Hey guys I just got my press and all of my other equipment over the weekend. I have been reading everything I can and feel like I will be ready to churn out my first batch of conservative loads this weekend. I got a Barnes reloading manual, which has some great pictures and descriptions. One thing I cannot seem to figure out has to do with case brand and primer brand. Whenever I look up load data it always lists the case brand and the brand of the primer. Does it matter if I am using brass from remington, winchester, or federal. I have all three types and did not know if I need different load data for each type of case. I would assume that I can use the same load data because the cases should have the same dimensions, but I was not sure if case thickness would vary to any substantial degree and require different loads for the different brands.
Also does the same go for bullet weight? I am reloading 30-30 and am using Remington bullets. Do I need to find load data for that particular bullet or just 170 grains?
I know this is a rookie question, sorry if it has been asked before but I did a search and could not find anything specific.
Answer in two parts.
You didn't ask, but primers are not all created equal, even if all the same catagory, as in Large Rifle. The standard large rifle primers from the various manufacturers will vary in hotness and in hardness. For now, suffice it to say, pick a primer and stay with it until you prove to yourself you need to try something different.
Cases from different manufacturers can vary in thickness. With the outside dimension being the same, as they all have to fit in the chamber, the inside dimension has to give way. Thus, the case capacity changes, pressure changes, velocity changes, accuracy changes. Like the primers, it's best to stay with one brand of cases, but that is not always what happens. So, what you have to do is sort by brand and keep the loaded rounds in their own boxes.
My loads for all my rifles go in the various brands of brass, sorted and kept in their respective boxes. Also, all bullets are not the same, even if they are the same caliber and weight. Some may be faster or slower, some may develop more or less pressure than another. Your manual will state something to the effect of "any change in component WILL change your results. Fear not, start with the suggested starting load and work your way up, slowly and safely. You've already changed one part of the equation. Your rifle is different than what was used in their lab to work up the data. Even if it is the same make and model, it is not specific to your rifle - it is a safe place to start. The rest is up to you and your good judgment.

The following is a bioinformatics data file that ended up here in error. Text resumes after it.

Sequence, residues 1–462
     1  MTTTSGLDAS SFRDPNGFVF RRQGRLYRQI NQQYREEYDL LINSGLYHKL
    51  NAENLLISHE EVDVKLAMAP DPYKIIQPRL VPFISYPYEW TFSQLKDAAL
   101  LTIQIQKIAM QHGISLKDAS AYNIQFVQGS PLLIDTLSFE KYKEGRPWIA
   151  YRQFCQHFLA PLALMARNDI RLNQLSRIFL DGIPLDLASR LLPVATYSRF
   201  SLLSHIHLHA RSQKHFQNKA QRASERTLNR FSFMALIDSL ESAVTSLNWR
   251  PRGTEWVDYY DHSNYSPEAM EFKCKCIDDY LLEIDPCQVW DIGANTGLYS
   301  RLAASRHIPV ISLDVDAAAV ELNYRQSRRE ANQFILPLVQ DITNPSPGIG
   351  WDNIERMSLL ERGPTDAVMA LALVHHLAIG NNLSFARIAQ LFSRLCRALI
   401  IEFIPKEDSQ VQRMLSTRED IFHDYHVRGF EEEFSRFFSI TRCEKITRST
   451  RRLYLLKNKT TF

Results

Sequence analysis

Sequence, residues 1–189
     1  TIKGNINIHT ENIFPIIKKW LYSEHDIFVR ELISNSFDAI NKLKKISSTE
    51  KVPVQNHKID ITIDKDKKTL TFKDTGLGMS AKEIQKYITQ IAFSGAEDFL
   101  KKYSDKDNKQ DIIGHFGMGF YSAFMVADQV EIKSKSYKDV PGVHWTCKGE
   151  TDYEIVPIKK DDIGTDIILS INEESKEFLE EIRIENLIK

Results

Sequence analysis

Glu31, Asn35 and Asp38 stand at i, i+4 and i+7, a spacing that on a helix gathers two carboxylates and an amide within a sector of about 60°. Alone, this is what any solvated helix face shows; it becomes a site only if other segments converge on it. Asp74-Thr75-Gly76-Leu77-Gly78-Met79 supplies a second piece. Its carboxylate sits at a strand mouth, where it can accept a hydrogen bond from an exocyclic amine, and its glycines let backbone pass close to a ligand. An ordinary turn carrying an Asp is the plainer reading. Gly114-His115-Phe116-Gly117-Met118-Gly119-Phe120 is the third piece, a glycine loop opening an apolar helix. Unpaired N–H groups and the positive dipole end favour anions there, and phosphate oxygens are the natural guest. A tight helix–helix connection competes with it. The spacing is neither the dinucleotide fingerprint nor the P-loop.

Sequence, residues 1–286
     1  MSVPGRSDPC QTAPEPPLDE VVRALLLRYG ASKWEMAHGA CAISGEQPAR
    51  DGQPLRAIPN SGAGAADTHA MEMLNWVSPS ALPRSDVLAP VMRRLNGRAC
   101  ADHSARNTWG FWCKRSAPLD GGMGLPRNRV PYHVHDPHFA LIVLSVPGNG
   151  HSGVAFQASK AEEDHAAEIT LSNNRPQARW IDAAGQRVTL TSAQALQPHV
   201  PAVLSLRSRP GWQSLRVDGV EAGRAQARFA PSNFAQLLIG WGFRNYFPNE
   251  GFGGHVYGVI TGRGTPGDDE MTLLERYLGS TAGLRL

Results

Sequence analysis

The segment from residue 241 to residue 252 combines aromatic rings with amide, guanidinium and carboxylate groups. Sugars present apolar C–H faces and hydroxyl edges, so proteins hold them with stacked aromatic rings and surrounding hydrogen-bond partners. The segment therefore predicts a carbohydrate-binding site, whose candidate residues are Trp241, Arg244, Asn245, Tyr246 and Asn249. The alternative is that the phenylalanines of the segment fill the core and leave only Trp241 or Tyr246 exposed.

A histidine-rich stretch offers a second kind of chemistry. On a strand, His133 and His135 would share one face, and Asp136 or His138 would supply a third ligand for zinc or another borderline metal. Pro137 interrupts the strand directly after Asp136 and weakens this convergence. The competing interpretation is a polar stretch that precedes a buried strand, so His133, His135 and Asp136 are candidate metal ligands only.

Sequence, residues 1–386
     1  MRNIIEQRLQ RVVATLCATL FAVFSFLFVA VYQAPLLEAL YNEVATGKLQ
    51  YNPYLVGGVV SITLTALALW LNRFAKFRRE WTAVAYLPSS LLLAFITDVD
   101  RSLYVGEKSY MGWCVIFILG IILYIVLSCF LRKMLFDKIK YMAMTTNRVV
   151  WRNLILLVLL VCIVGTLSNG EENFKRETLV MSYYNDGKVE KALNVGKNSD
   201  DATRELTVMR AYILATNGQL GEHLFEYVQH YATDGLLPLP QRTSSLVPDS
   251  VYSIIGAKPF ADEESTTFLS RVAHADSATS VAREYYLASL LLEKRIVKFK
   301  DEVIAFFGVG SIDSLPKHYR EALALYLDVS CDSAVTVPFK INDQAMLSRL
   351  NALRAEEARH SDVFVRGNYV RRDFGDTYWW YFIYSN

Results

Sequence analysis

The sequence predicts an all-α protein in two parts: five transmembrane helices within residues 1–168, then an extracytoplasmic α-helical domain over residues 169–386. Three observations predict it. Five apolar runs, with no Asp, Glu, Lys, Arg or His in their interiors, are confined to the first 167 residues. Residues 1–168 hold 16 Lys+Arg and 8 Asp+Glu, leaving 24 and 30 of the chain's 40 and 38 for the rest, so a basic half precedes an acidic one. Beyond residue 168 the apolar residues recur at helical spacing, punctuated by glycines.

WDRA, Billy Dixon Emeritus
Team 35 Mbr #75
Team 32 Mbr #27
Marlin League #155
NRA Life Mbr
Marlin 70HC 22lr
Marlin 60Dlx 50th Anniversary 22lr
Marlin 30TK 30-30 18.5"
Marlin 336RC Texan 35Rem 20"
Marlin 444 Original 24"
Win 94 32Wspl 20"
Win BB94 356W 20"
Win 1873 38WCF 24"
Win 1886 40-82 20"
When it ceases to be fun, I shall cease to do it - Sweetwater
The proof is in the freezer - Sweetwater
Courage is being scared to death, and saddling up anyway - John Wayne
Thanks for the reply. I figured the answer was going to be something to the effect of "work up slowly and be safe." I am going to start with some really light loads just to get my feet wet and then work up looking for signs of pressure and stress. I guess 10-15% below what is listed in the loading manual is good to start with, correct?
Also besides what was said, especially with a rifle, changing brass can change your point of impact. This due to the pressure changes and such. Best accuracy will be found by staying with one brand of brass. I went with all Remington brass for my 700 in 308. Not because Remington was better than any of the others but it was just what I had the most of. Gave the mixed stuff to a buddy with a FNFAL. It shoots anything about the same. I do load mixed brass for my pistols as the small changes aren't as noticeable.
An old saying is "An eye for an eye and a tooth for a tooth." I believe in a head for an eye and a hand for a tooth. Keeps folks away from my eyes and teeth.
That really is the answer and a good one to follow. I was loading some 22 Hornets yesterday and decided on a charge of 13 grains of Lil'Gun. In Remington brass there was about a 1/8 inch space left after dumping in the charge. Some of my brass was Winchester and that same charge flowed over the top. So as the warning in the book says, if any one component is changed, start at the min load and work up.I figured the answer was going to be something to the effect of "work up slowly and be safe
SI VIS PACEM--PARA BELLUM
One mistake I made with the first loads I did 20+ years ago was to not understand that lead, jacketed, and plated bullets are not all created equal when you're reading load data. (I know, we didn't have plated then). The manual was a Speer #8 and not clear on the bullets, not to mention notoriously over amping the rounds.